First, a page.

Liberal writer Ezra Klein is confused by libertarian writer Will Wilkinson‘s lack of sympathy for anarcho-socialist-something-or-other Naomi Klein’s anti-statist tendencies. I’m afraid I don’t find this very confusing at all. Naomi Klein is something of a romantic – witness her schizophrenic ideology, distaste for traditional political organizing, and general infatuation with any breakdown of social order – whereas Wilkinson and Klein share certain basic assumptions about the desirability of liberal political organization. As such, Wilkinson’s “suspicion” of state intervention is purely instrumental, while Naomi Klein’s is rooted in some instinctive distrust of the status quo. The New Yorker profile gets at this tension by comparing her approach to the melioristic, politically-oriented activism of her husband and family:
In the end, despite all his suspicion of leaders and certainty, Lewis [Klein’s husband – my edit] loves and honors his family tradition. The N.D.P. regularly approaches him about running for office (as it does Klein), and he thinks seriously about doing so (she does not). During the recent election campaign in Canada, Klein advocated strategic voting—voting for either the Liberals or the N.D.P., depending on which had a better chance of winning in a particular district, to promote the greater goal of unseating the Tories. “I don’t believe enough in the N.D.P. to really care,” she says. Avi tried to talk her out of it . . . But Klein doesn’t have much use for political parties. When she is asked about this, she explains that she has seen liberation movements betrayed by the politicians they fought to get elected, but her impatience appears to be rooted in something more than that: she seems to dislike parties and, indeed, governments, in a visceral way, almost the way that Milton Friedman does. In principle, she is a Keynesian, but she distrusts centralization, institutions, platforms, theories—anything except extremely small, local, ad-hoc, spontaneous initiatives. Basically, she really, really doesn’t like being told what to do.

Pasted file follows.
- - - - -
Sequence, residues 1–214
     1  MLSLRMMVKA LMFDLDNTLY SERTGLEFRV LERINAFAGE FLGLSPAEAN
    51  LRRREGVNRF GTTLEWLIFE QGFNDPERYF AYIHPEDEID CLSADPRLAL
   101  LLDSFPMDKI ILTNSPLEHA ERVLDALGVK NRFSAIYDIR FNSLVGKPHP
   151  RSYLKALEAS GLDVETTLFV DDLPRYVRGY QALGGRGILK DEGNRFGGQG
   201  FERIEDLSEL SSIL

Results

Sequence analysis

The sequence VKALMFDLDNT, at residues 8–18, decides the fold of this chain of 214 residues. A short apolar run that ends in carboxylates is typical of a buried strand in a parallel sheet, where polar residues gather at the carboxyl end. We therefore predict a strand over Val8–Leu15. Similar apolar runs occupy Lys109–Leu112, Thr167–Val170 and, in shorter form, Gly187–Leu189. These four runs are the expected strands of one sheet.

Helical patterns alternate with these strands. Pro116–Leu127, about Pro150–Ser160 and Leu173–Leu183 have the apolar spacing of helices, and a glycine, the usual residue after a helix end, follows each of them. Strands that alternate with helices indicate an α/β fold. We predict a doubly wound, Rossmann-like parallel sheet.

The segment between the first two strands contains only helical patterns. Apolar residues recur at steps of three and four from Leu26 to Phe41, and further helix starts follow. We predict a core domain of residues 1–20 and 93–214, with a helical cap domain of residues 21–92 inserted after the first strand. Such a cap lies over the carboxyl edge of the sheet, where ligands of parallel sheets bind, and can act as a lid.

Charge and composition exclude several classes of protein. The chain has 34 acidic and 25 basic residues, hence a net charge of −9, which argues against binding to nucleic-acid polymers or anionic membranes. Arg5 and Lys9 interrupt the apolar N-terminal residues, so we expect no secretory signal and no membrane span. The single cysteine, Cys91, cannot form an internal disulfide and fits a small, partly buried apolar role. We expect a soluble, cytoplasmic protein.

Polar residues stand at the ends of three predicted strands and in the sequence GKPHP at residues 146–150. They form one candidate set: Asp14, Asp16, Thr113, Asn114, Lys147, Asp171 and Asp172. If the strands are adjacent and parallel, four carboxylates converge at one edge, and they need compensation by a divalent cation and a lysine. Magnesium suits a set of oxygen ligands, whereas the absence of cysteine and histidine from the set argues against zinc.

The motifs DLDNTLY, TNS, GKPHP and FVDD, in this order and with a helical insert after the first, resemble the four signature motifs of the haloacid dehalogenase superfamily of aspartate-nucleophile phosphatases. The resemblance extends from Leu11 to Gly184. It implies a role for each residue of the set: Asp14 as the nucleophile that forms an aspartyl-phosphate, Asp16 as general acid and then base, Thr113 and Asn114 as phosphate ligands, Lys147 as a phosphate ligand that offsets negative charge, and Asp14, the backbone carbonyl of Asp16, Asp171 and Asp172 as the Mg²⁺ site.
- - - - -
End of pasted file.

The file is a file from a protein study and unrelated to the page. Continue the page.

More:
I can’t find the post now, but I’m pretty sure Helen Rittelmeyer once observed that radical leftists and conservative reactionaries share one central conviction: the premises of the status quo are fundamentally wrong and need to be changed. What makes Naomi Klein interesting is that although she distrusts incremental political reform, she doesn’t have the vocabulary to describe whatever radical alternative she’s searching for. She’s stuck trying to articulate her goals using outdated terminology – stuff that should be coming from traditional activists like her husband or parents – without really buying into any political project. After reading the New Yorker profile, I think this is the closest Klein gets to describing her ideal endgame:
The only kind of protest she likes is the Yippie kind, theatrical enough to be entertaining and self-mocking enough to dilute the earnestness to a level that she can tolerate. At the protests in Quebec City during the Summit of the Americas in 2001, for example—when the officials surrounded themselves with a tall protective fence, a group of activists built a medieval-style wood catapult and lobbed Teddy bears over the top. “Quebec City was just madness,” she says. “It was one of those times when nobody knows what’s going to happen, and there are these breakthrough moments, these liberated moments, these moments of euphoria. It was mostly young people, and they were getting gassed, but they were still enjoying themselves tremendously, playing cat and mouse with the police. What I loved about it was that the whole city joined in—people working in cafés on the main streets, and neighbors got buckets of water to wash out people’s eyes. It was like an alternative reality.”